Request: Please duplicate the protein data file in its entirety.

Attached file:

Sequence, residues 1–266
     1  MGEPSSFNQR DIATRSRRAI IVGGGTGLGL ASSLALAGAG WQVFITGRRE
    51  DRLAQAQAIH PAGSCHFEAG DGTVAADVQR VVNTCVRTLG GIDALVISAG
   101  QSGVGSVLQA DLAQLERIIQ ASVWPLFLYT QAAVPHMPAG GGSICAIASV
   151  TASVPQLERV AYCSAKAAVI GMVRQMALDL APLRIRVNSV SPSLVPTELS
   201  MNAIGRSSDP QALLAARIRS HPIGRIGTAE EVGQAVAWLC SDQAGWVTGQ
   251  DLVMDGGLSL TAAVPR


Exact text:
Sequence, residues 1–266
     1  MGEPSSFNQR DIATRSRRAI IVGGGTGLGL ASSLALAGAG WQVFITGRRE
    51  DRLAQAQAIH PAGSCHFEAG DGTVAADVQR VVNTCVRTLG GIDALVISAG
   101  QSGVGSVLQA DLAQLERIIQ ASVWPLFLYT QAAVPHMPAG GGSICAIASV
   151  TASVPQLERV AYCSAKAAVI GMVRQMALDL APLRIRVNSV SPSLVPTELS
   201  MNAIGRSSDP QALLAARIRS HPIGRIGTAE EVGQAVAWLC SDQAGWVTGQ
   251  DLVMDGGLSL TAAVPR